Wood bandsaws are often found in home and professional woodworking shops. There is no doubt that they are one of the most important power tools in any woodworker's arsenal. The blades of wood bandsaws are made with smaller kerfs to ensure less material is wasted when cutting. They operate in a similar manner to any other type of bandsaw, with a blade that is located on a continuous loop of metal. The main difference between metal and wood bandsaws, besides the blade that can be swapped for another type, is the speed at which they operate. A metal bandsaw is significantly slower and runs at speeds from 80 to 300 feet per second. A wood bandsaw runs at speeds from 2,000 to 3,000 feet per second. Some models have a variable speed transmission and are capable of cutting both types of materials.

Meat bandsaws are often found in meat factories and butcher shops. They are designed to cut through meat and bone to make breaking down animals more efficient. Most meat bandsaws are constructed entirely from stainless steel and are designed to be easily cleaned for obvious sanitary reasons.

What To Consider When Buying A Bandsaw

When it comes time to buy a bandsaw, the first thing to consider is what type of material you will be cutting most often. Next, you should look at the throat and depth of cut specifications. The throat refers to the distance between the vertical frame and the blade. This will determine how wide of a cut a particular bandsaw is capable of. When you see a bandsaw marketed as a "12-inch bandsaw" or a "20-inch bandsaw," they are referring to the throat.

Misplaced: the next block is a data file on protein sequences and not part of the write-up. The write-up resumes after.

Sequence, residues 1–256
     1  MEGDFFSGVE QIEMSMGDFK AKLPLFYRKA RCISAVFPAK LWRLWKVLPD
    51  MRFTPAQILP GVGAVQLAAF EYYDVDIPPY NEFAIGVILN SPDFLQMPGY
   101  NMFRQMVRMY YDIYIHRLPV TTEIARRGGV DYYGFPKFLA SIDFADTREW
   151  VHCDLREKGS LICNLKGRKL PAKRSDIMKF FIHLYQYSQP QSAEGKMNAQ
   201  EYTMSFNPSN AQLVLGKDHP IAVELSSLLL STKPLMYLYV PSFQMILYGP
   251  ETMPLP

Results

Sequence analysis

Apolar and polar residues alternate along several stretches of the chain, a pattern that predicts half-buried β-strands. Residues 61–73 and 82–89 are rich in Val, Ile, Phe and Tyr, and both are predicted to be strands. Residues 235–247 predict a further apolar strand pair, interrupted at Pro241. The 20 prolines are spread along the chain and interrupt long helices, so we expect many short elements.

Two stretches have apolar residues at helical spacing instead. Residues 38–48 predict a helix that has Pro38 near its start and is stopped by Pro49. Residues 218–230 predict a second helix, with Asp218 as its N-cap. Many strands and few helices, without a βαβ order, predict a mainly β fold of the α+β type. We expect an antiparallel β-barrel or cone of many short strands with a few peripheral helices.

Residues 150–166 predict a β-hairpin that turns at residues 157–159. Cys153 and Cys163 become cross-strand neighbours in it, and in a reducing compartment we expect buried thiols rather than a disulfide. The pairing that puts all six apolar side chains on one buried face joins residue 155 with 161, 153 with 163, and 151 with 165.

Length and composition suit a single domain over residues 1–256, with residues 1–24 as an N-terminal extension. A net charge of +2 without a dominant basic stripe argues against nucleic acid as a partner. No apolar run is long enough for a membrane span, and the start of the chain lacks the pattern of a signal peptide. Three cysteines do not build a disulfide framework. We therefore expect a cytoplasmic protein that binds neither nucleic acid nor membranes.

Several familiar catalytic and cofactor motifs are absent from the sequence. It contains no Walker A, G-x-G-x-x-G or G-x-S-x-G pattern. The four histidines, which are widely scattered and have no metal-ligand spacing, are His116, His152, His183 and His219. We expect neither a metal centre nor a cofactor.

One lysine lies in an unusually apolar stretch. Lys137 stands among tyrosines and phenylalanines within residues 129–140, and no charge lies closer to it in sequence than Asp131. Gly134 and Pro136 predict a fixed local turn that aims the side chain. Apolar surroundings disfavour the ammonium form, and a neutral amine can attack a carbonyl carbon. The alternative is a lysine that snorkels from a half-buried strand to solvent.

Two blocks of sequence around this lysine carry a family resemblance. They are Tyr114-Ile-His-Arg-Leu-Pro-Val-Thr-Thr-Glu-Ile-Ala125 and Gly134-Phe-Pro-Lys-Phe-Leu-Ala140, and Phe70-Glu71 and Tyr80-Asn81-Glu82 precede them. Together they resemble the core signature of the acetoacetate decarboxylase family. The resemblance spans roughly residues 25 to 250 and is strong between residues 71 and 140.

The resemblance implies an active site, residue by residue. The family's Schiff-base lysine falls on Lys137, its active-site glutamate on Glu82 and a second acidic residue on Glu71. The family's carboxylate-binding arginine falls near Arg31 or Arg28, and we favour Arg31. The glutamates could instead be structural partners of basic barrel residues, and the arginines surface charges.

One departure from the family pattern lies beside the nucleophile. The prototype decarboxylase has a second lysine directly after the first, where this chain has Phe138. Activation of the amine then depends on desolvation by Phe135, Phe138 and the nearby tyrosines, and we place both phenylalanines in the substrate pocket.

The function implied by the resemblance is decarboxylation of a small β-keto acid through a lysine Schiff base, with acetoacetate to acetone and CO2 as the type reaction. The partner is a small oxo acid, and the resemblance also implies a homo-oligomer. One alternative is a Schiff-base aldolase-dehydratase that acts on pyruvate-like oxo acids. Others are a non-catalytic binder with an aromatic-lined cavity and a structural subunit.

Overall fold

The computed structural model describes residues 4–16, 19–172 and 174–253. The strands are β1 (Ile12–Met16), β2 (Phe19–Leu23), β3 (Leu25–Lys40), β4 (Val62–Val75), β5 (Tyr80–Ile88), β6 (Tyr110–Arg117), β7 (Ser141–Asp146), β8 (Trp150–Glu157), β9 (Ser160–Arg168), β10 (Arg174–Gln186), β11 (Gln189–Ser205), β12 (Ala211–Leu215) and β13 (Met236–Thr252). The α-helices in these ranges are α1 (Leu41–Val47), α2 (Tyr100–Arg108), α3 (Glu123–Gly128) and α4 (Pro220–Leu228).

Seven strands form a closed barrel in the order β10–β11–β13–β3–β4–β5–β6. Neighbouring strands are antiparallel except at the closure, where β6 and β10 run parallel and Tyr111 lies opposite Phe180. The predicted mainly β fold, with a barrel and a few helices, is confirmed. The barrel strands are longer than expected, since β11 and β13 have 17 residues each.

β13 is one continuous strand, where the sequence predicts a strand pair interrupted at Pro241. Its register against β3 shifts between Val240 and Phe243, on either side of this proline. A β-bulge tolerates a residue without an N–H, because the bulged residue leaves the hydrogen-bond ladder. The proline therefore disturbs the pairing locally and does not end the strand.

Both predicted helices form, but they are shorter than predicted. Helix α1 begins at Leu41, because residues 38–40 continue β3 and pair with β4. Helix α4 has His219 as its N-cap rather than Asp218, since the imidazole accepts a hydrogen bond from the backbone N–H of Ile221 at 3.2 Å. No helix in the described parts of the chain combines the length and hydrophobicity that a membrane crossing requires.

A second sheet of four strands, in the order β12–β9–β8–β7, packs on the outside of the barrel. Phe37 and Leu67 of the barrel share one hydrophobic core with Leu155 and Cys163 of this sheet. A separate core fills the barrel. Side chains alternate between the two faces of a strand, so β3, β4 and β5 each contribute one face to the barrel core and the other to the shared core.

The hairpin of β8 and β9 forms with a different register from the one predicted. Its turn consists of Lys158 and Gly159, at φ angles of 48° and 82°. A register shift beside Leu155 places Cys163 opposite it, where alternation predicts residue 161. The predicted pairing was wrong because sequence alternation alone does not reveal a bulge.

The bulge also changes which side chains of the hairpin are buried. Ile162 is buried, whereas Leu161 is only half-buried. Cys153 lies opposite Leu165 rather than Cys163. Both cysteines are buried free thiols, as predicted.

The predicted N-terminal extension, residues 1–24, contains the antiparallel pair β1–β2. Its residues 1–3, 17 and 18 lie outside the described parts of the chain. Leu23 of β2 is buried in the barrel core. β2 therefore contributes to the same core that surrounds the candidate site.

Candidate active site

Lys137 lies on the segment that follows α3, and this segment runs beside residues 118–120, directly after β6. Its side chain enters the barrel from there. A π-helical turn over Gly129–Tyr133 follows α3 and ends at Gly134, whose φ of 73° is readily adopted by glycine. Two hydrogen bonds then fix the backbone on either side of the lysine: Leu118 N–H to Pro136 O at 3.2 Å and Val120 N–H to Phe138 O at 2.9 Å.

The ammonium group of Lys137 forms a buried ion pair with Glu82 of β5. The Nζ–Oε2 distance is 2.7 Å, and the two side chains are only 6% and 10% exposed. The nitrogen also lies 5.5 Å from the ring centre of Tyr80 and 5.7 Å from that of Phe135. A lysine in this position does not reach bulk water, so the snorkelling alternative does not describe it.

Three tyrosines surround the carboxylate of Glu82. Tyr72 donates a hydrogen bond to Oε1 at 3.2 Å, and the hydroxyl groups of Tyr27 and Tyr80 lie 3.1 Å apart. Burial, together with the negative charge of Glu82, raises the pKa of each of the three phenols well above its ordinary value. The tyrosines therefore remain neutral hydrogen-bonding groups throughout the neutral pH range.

This will determine how wide of a cut a particular bandsaw is capable of.

In addition to the throat, the depth of cut measurement is very important, as this will determine how thick of a piece of stock you can cut. A bandsaw's depth of cut is the distance between the upper blade guide and the cutting table. Some models may have a riser which can be attached to increase the depth of cut.

The next consideration is the horse power of the motor on the bandsaw you are looking at. If the motor is not large enough, it may struggle and bog down when trying to cut dense materials, which will result in a rougher cut. The average home models have a 3/4 to 1HP motor, while professional models may have 12HP or more.

For those cutting metal, a model with a variable speed motor is a smart choice, while those who cut wood should look for a unit that features built-in dust collector ports. No matter what material you cut, most users can benefit from a model with a tilting cutting table, which allows for angled cuts.


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Last updated on January 03, 2018 by Chase Brush

Chase is a freelance journalist with experience working in the areas of politics and public policy. Currently based in Brooklyn, NY, he is also a hopeless itinerant continually awaiting his next Great Escape.